Kimmel: It mostly depends on who replaces them. It's so different already. People ask if I ever wanted to do a late night talk show and as a kid I never imagined that anyone other than David Letterman and Johnny Carson would do a late night talk show. At that time, Johnny Carson had 20 million people watching his show. That will never happen again. You could add all the shows up and you won't get that number anymore. And I think it's going to continue to fragment.
TV Guide Magazine: Young guys are watching late-night animation on Adult Swim.
Kimmel: At ABC we have a female audience, so that's what we focus on. We don't focus on the young male audience. There's no point in it, they have the Internet. I love David Letterman, but when I was 19 years old if I had to choose between him and pornography, I'm afraid he would have lost that battle.
TV Guide Magazine: Would you ever like to produce a companion show in ABC late night?
Kimmel: The affiliates have that timeslot so it would take a lot to make that happen. But it would be a lot of fun for me, I'd love to do that. I feel like I've learned so much that I would be good at it, and I like producing shows. The daily grind is not as much fun as that excitement of putting things together and hiring people. There are a lot of funny people and that's something I would definitely be interested in.
TV Guide Magazine: As a kid who grew up idolizing Letterman, what's it like to realize you'll now be competing head-to-head?
Kimmel: I know this sounds like a cliché, but I'm honored to even be on against him. He's the greatest ever and my sense of humor wouldn't be what it is were it not for him and that show.
TV Guide Magazine: Did you ever dream about a scenario where you were Letterman's successor on his show?
Kimmel: It wasn't a real possibility, but it's certainly something I fantasized about. It would have been thrilling for me personally. Only with Dave's full blessing. Fortunately I have a good situation at ABC and I've never been in any kind of position to have a real discussion about anything like that.
TV Guide Magazine: Who are some of your favorite guests?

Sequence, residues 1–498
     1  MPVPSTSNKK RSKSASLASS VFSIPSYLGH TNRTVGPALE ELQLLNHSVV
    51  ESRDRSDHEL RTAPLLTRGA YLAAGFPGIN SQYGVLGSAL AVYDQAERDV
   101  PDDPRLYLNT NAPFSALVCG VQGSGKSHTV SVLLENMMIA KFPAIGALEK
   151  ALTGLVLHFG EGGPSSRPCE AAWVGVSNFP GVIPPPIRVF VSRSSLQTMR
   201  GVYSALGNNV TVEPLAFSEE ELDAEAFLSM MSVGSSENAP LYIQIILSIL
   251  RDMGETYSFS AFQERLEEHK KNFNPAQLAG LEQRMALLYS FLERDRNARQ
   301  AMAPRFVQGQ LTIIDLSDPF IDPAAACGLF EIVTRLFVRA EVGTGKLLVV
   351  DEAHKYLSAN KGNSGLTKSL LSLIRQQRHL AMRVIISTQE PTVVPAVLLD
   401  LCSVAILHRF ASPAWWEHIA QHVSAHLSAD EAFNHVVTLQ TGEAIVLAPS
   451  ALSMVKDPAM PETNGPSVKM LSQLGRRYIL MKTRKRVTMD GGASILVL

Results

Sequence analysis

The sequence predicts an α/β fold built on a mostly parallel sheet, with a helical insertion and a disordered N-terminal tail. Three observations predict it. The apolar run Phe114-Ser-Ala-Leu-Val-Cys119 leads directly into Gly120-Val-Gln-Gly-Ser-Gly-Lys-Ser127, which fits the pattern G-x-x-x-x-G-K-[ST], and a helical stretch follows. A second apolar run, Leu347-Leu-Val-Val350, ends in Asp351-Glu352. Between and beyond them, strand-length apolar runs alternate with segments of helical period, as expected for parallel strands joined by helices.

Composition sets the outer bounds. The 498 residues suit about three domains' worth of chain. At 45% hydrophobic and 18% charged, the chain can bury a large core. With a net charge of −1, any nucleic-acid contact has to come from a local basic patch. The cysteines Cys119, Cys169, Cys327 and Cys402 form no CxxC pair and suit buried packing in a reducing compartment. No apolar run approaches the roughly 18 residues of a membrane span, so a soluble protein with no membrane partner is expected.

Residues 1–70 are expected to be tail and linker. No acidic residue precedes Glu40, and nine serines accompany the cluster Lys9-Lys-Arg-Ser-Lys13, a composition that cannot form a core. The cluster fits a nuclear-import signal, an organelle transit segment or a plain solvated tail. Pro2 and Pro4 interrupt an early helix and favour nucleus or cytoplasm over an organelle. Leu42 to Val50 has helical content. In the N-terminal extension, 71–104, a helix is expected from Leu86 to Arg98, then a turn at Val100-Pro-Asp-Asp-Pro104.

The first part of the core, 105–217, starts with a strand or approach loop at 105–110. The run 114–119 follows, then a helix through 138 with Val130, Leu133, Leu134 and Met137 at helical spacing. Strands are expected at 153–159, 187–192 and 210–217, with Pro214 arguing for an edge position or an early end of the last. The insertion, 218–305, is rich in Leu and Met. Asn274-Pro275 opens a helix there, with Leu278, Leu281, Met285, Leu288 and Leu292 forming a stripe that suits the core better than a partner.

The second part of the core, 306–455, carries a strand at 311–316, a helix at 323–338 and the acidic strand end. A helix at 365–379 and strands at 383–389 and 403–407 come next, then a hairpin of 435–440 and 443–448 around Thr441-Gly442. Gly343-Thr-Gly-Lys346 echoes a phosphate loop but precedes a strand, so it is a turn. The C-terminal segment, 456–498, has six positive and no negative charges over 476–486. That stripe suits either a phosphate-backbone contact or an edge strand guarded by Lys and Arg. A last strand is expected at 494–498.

Kimmel: Don Rickles, Mike Tyson, Charles Barkley, Shaq. Dustin Hoffman was a fantastic guest. I didn't know what to expect from him but he was unbelievable. Then there are people like Kathy Griffin and Carolla, who always deliver and who are always there for us. As far as people I don't like or haven't had good experiences, there are some reality stars who sometimes I wonder, "Why are these people on? What am I doing here?" The worst you can get is boring. You want someone who's either really good or a disaster.
TV Guide Magazine: How about some of your favorite moments over the past decade? Kimmel: I always loved when we would send my Aunt Chippy and Uncle Frank out to do things together because I've been watching and been amused by them my whole life. Sucking helium with Mike Tyson was a great moment for me. Oprah being on the show, of course. And we have this character on the show called Jake Byrd who infiltrated a group of Michael Jackson fans once and I don't think I ever laughed harder.
TV Guide Magazine: Who do you hope to still eventually have on the show?
Kimmel: David Letterman probably first and foremost. Bill Murray, Jerry Seinfeld, these are guys that are my comedy idols. Woody Allen — I know that will never happen but would love have him on the show. Madonna actually helped me get through puberty and I'd love to have her on.
TV Guide Magazine: Folks say you haven't changed a bit. Is that true?
Kimmel: I'm pretty much the same. I think a lot of times when people say you've changed, it's because their image of you has changed.
TV Guide Magazine: So 10 years down, 10 more to go?
Kimmel: I would like to do another 10. And that seems like enough. Another 10 seems like plenty. More likely, we'll hit six and they'll say hit the road.
TV Guide Magazine: You just extended your deal two more years, to 2015.
Kimmel: We're one-fifth of the way there.
TV Guide Magazine: But ten years from now you'll only be 54.
Kimmel: Yeah, but probably looking like I'm 74. Talk -show hosts seem to age like presidents.